A.2 Case Study: Semi-Partitioned Heterogeneous Cluster Dedicated to Parallel and Time-sharing Serial Jobs
A site possessing a mixture of uniprocessor and dual
processor nodes desires to dedicate a subset of nodes to time-sharing serial
jobs, a subset to parallel batch jobs, and provide a set of nodes to be
used as 'overflow'.
Group A: 16 uniprocessor Linux based nodes, each
with 128 MB of RAM and 1 GB local scratch space
Resource Manager: OpenPBS 2.3
range in size from 1 to 32 processors with approximately the following
quartile job frequency distribution
Job Length: jobs range in length from 1 to 24 hours
Job Owners: job are submitted from 6 major groups consisting of a total of about 50 users
During prime time hours, the majority of jobs submitted are smaller, short
running development jobs where users are testing out new code and new data
sets. The owners of these jobs are often unable to proceed with their
work until a job they have submitted completes. Many of these jobs
are interactive in nature. Throughout the day, large, longer running
production workload is also submitted but these jobs do not have comparable
turnaround time pressure.
Constraints: (Must do)
Nodes in Group A must run only parallel jobs.
Nodes in Group B must only run serial jobs, with up to 4 serial jobs per
node. Nodes in Group C must not be used unless a job cannot locate
Goals: (Should do)
The scheduler should attempt to intelligently load
balance the timesharing nodes.
As in Case Study 1, The network topology is flat and and nodes are homogeneous within each group. The only tricky part of this configuration is the 'overflow' group. The easiest configuration is to create two PBS queues, serial and parallel, with appropriate min and max node counts as desired. By default, Maui interprets the PBS 'exclusive hostlist' queue attribute as constraining jobs in the queue to run only on the nodes contained in the hostlist. We can take advantage of this behavior to assign nodes in Group A and Group C to the queue 'parallel' while the nodes in Group B and Group C are assigned to the queue 'serial' (The same can be done with classes if using Loadleveler) Maui will incorporate this queue information when making scheduling decisions.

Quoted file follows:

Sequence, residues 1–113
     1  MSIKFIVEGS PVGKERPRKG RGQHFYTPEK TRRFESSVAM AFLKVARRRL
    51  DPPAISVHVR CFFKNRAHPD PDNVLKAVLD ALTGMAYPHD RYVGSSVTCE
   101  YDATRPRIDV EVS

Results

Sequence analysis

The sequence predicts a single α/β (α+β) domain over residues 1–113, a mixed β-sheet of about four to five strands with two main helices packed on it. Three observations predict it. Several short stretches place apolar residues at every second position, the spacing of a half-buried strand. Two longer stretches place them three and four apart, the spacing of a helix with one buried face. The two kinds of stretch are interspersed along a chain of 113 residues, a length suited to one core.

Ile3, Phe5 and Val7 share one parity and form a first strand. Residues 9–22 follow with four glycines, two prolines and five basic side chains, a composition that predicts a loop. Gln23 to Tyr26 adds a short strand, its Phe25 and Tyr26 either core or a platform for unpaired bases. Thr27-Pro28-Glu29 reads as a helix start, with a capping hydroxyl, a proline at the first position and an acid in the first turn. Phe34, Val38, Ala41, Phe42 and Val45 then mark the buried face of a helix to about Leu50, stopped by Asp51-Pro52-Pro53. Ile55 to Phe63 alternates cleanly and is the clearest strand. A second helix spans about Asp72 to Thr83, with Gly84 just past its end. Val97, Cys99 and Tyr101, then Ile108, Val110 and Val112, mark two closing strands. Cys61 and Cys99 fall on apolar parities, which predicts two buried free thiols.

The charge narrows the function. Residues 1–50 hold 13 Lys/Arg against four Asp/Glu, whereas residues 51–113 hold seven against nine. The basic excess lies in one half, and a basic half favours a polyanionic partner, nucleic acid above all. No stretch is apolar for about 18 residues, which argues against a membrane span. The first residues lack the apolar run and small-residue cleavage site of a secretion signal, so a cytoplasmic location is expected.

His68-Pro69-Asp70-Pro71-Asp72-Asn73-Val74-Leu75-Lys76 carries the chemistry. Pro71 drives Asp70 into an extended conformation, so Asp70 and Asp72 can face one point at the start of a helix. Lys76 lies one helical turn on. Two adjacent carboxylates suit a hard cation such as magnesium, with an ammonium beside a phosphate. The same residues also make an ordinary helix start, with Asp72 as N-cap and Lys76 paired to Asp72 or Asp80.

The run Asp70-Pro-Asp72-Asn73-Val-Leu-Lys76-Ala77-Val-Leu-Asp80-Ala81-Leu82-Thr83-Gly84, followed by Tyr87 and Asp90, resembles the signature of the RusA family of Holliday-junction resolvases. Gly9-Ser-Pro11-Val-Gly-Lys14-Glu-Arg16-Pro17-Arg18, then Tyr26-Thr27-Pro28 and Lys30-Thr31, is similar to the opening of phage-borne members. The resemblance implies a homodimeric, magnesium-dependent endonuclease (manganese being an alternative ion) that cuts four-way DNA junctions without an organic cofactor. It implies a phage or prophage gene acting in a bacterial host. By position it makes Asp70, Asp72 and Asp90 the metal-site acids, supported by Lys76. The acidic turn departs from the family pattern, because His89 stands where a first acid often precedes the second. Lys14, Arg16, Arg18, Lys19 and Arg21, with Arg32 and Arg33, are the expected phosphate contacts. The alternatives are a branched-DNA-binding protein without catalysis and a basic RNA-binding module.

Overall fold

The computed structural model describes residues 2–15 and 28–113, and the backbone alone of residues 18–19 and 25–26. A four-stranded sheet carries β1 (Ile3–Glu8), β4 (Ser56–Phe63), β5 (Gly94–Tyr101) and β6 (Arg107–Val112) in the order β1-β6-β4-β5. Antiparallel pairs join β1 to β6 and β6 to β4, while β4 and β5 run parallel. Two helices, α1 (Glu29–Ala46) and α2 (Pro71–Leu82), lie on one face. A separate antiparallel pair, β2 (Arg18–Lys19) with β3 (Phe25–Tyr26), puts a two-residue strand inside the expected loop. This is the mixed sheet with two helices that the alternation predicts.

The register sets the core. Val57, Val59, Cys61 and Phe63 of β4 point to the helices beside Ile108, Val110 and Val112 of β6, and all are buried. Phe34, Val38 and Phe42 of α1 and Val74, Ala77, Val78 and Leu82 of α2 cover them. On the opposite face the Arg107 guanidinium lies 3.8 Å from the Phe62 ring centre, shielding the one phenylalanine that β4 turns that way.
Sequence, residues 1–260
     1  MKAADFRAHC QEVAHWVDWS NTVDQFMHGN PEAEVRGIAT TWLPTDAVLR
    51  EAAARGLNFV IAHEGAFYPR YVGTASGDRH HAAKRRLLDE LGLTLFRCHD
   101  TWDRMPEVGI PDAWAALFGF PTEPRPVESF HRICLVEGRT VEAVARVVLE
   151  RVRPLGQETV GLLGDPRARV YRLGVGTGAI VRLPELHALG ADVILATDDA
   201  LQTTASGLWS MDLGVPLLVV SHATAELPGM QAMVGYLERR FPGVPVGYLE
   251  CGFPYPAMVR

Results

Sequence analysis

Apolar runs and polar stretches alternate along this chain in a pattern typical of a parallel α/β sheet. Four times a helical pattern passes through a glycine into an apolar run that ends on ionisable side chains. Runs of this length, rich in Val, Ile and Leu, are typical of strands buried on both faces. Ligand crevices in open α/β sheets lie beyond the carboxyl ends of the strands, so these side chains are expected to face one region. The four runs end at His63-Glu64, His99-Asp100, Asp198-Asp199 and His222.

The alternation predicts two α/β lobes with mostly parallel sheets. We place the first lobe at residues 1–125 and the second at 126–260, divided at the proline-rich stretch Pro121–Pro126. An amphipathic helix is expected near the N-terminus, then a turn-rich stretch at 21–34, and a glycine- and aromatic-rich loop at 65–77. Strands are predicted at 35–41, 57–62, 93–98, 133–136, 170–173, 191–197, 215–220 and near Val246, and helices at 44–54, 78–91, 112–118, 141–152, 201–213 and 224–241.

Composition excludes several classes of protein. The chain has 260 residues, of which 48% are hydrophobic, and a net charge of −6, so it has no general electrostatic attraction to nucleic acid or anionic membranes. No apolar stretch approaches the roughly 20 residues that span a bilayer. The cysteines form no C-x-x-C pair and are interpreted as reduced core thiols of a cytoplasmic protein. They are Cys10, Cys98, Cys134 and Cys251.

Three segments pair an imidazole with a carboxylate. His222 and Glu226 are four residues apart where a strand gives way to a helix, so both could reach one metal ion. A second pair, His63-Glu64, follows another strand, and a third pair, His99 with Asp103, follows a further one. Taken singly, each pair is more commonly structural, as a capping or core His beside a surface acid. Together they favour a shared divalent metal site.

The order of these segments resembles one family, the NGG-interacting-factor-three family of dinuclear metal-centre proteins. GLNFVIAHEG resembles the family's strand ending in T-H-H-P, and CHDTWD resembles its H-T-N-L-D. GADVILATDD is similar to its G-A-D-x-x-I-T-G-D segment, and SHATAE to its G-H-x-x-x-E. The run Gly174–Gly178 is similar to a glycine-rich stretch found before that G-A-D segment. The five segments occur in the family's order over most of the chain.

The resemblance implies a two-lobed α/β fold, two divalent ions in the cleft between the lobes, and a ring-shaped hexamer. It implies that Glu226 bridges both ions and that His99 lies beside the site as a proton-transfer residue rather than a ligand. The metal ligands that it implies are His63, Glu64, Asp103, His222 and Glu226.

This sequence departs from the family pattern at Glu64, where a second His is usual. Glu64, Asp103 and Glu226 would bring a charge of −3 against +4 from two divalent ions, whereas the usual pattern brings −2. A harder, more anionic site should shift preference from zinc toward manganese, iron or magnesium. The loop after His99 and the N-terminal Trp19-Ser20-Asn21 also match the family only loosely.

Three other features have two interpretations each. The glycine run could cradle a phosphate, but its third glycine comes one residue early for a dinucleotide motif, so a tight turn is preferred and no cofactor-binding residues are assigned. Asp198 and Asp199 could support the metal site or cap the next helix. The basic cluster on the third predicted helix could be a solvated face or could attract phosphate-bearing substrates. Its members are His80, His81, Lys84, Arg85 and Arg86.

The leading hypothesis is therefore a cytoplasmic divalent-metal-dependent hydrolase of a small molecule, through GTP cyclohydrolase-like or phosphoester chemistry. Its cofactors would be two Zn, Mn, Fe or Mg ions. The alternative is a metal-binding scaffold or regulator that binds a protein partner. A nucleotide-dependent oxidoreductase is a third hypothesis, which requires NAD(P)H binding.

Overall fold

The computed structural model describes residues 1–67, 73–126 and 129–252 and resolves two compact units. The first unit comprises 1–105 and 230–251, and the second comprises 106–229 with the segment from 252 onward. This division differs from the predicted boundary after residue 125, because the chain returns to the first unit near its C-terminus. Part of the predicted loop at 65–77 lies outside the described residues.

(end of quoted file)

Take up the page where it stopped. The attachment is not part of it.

The next step is to make the scheduler use the 'overflow' nodes of group C only as a last resort. This can be accomplished using a negative affinity standing reservation. This configuration will tell the scheduler that these nodes can be used, but should only be used if it cannot find compute resources elsewhere.
The final step, load balancing, is accomplished in
two parts. First, the nodes in group B must be configured to allow
up to 4 serial jobs to run at a time. This is best accomplished using
the PBS 'virtual nodes' feature. To load balance, simply select
the CPULOAD allocation
algorithm in Maui. This algorithm will instruct Maui to schedule
the job based on which node has the most available, unused idle CPU time.
This site requires both resource manager and scheduler configuration.
The following Maui configuration would be needed.
# allow SMP node sharing
PBS qmgr config
set queue parallel resources_min.nodecount=2
PBS 'server_priv/nodes' file
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